HANOI: Fifteen Asia-Pacific economies formed the world’s largest free-trade bloc on Sunday, a China-backed deal that excludes the United States, which had left a rival Asia-Pacific grouping under President Donald Trump.
The signing of the Regional Comprehensive Economic Partnership (RCEP) at a regional summit in Hanoi is a further blow to the group pushed by former US president Barack Obama, which his successor Trump exited in 2017.
Amid questions over Washington’s engagement in Asia, RCEP may cement China’s position more firmly as an economic partner with Southeast Asia, Japan and Korea, putting the world’s second-biggest economy in a better position to shape the region’s trade rules.
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The United States is absent from both RCEP and the successor to the Obama-led Trans-Pacific Partnership (TPP), leaving the world’s biggest economy out of two trade groups that span the fastest-growing region on earth.
By contrast, RCEP could help Beijing cut its dependence on overseas markets and technology, a shift accelerated by a deepening rift with Washington, said Iris Pang, ING chief economist for Greater China.
RCEP groups the 10-member Association of Southeast Asian Nations (ASEAN), China, Japan, South Korea, Australia and New Zealand. It aims in coming years to progressively lower tariffs across many areas.
The deal was signed on the sidelines of an online ASEAN summit held as Asian leaders address tensions in the South China Sea and tackle plans for a post-pandemic economic recovery in a region where US-China rivalry has been rising.
In an unusual ceremony, held virtually because of the coronavirus pandemic, leaders of RCEP countries took turns standing behind their trade ministers who, one by one, signed copies of the agreement, which they then showed triumphantly to the cameras.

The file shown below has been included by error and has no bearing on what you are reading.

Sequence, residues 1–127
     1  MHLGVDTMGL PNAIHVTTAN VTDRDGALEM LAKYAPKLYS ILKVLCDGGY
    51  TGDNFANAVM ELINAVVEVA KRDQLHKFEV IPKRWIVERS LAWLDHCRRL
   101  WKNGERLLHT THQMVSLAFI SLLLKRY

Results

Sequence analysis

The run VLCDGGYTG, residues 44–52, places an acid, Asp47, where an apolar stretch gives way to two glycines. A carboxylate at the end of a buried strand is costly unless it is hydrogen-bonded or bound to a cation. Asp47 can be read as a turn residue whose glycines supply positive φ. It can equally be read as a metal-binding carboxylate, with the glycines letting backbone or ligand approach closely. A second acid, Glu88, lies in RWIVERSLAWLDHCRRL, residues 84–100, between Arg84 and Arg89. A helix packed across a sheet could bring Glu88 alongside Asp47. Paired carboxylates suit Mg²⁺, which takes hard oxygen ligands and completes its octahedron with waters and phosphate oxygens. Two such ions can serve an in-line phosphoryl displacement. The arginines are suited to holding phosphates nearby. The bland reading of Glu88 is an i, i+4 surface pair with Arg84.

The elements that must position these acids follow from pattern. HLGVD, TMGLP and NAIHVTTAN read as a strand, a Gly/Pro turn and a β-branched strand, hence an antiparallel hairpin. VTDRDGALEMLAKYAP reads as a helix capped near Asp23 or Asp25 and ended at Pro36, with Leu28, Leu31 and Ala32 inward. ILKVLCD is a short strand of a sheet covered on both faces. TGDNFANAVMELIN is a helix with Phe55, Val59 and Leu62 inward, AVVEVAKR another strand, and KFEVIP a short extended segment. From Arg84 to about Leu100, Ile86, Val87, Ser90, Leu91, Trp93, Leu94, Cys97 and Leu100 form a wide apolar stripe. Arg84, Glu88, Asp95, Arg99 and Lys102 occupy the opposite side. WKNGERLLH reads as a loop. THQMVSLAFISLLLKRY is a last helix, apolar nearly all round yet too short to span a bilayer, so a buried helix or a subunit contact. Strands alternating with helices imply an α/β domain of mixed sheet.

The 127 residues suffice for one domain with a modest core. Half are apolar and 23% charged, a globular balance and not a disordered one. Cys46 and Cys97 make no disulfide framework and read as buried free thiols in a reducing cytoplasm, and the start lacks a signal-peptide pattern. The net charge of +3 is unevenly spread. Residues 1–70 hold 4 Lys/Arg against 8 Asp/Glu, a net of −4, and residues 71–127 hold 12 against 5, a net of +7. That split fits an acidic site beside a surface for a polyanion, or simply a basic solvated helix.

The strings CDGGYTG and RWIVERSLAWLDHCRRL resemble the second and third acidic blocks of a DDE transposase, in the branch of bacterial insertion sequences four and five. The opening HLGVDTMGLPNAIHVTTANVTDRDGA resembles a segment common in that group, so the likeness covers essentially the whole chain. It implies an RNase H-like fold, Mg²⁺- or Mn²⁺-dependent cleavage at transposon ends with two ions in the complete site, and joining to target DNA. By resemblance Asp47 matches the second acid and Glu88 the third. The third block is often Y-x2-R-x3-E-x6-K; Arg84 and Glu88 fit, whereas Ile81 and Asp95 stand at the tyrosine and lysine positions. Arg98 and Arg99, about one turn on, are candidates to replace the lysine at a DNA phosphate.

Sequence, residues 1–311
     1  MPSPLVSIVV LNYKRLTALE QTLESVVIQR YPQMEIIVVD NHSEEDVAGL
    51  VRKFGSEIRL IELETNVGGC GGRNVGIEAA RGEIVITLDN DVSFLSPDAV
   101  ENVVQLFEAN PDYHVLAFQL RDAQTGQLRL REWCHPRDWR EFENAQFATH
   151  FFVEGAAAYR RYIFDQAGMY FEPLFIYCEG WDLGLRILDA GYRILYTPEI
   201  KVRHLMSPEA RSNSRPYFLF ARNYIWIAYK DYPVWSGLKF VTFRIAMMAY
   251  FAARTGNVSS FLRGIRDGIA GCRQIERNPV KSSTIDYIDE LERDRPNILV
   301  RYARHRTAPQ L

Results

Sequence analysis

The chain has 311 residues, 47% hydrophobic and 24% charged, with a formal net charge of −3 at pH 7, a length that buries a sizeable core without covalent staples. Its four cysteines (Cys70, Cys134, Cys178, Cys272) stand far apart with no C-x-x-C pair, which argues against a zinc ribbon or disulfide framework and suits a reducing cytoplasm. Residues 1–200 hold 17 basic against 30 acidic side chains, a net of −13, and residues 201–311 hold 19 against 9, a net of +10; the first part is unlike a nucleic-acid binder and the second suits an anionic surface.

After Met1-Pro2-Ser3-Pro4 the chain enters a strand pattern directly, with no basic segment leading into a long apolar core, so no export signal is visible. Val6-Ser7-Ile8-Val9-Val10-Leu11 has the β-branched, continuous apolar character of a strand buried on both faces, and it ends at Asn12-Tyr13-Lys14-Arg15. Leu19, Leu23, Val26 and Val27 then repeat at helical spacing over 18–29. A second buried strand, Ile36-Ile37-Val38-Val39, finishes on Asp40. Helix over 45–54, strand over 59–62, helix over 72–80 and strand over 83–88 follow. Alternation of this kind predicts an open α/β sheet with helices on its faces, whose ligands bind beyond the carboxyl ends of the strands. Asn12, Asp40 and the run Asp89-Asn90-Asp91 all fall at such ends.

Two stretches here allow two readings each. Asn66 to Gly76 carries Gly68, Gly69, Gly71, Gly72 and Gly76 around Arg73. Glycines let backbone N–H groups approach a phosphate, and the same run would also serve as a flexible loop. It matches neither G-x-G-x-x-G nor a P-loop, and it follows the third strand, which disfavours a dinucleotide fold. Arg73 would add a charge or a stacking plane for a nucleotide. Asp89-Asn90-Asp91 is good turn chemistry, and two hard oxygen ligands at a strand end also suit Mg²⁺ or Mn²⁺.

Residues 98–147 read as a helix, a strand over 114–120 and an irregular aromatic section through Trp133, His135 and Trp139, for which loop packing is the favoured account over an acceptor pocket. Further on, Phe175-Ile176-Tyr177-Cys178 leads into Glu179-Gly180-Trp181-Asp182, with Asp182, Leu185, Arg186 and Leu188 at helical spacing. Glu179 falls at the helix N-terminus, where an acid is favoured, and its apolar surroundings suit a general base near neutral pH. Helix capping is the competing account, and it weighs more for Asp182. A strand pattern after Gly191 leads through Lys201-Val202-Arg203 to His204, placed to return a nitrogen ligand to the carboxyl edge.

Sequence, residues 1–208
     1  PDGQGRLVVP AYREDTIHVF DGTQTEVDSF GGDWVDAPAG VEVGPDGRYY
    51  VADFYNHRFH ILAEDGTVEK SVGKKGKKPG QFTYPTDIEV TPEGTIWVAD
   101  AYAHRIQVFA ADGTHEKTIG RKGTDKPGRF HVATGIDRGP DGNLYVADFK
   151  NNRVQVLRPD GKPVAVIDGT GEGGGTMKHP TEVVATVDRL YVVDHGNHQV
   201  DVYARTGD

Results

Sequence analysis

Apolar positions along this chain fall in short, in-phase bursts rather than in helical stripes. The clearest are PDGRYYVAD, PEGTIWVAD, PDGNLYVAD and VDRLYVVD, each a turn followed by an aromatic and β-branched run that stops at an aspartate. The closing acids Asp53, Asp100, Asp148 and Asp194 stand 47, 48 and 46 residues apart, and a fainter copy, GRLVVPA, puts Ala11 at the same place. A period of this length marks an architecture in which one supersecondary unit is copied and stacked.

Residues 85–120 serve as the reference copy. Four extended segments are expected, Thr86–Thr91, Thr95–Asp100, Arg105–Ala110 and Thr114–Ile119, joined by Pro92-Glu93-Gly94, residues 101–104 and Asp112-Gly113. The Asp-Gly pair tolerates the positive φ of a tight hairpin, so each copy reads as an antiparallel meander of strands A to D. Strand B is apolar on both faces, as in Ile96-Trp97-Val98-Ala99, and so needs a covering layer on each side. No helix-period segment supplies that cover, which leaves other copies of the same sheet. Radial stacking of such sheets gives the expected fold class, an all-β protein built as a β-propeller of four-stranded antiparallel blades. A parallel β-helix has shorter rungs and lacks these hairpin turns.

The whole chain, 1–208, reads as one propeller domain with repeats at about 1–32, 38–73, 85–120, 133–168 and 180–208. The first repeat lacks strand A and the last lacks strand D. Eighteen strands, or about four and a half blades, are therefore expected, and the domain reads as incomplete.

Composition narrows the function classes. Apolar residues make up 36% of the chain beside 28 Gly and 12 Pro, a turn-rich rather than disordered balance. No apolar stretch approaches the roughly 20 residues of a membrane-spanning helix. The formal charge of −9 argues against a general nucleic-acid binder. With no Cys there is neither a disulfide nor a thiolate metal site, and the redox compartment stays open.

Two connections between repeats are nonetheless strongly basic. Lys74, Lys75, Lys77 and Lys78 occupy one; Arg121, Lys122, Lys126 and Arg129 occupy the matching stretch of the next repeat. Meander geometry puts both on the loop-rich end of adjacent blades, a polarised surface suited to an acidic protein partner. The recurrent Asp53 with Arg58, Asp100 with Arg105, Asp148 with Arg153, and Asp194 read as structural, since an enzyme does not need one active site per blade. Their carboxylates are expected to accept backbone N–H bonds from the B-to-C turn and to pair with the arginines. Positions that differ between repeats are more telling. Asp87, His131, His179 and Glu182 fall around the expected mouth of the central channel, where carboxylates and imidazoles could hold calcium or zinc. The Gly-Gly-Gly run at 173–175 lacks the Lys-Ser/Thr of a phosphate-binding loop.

“RCEP will soon be ratified by signatory countries and take effect, contributing to the post-COVID pandemic economic recovery,” said Nguyen Xuan Phuc, prime minister of Vietnam, which hosted the ceremony as ASEAN chair.
RCEP will account for 30% of the global economy, 30% of the global population and reach 2.2 billion consumers, Vietnam said.
Meanwhile, trade-dependent Taiwan said it has made “relatively” good progress towards joining the revamped version of the Trans-Pacific Partnership, but it is awaiting clearer rules on membership, the island’s chief trade negotiator said on Monday.
While a member of the World Trade Organization, many countries are wary of signing trade deals with Taiwan fearing objections from China, which claims the democratic island as its own territory, and Taiwan has sought greater access to multilateral deals.
Container boxes are seen at the Yangshan Deep Water Port, part of the Shanghai Free Trade Zone, in Shanghai. Photo: Reuters
Taiwan minister without portfolio John Deng, who leads trade talks, told reporters they had expressed willingness to join the CPTPP.
“Countries that have made relatively good progress (in applying for membership) include Britain, Taiwan and Thailand, and Taiwan’s hard work has been welcomed by many,” Deng said.
“They hope for us to stay in touch,” he said, adding that Taiwan is waiting for the CPTPP grouping to make “clearer rules” about membership application.
The original 12-member agreement, known as the Trans-Pacific Partnership (TPP), was thrown into limbo in early 2017 when U.S. President Donald Trump withdrew.
China’s finance ministry said the RCEP’s’s promises include eliminating some tariffs within the group, including some immediately and others over 10 years.
There were no details on which products and which countries would see immediate reduction in tariffs.
“For the first time, China and Japan reached a bilateral tariff reduction arrangement, achieving a historic breakthrough,” the ministry said in a statement, without giving further details.
The deal marks the first time rival East Asian powers China, Japan and South Korea have been in a single free trade agreement.
Despite being outside RCEP and having been in the administration that propelled the TPP, President-elect Joe Biden – Obama’s vice president – is unlikely to rejoin the TPP anytime soon, analysts said, as his government will have to prioritise handling the COVID-19 outbreak at home.
- Reuters, with additional reporting by Phuong Nguyen, Yimou Lee, James Pearson, Liz Lee, Gayatri Suroyo, Bernadette Christina Munthe, Hyonhee Shin, Neil Jerome Morales, Kaori Kaneko, Kirsty Needham, Gabriel Crossley, Roxanne Liu and Shivani Singh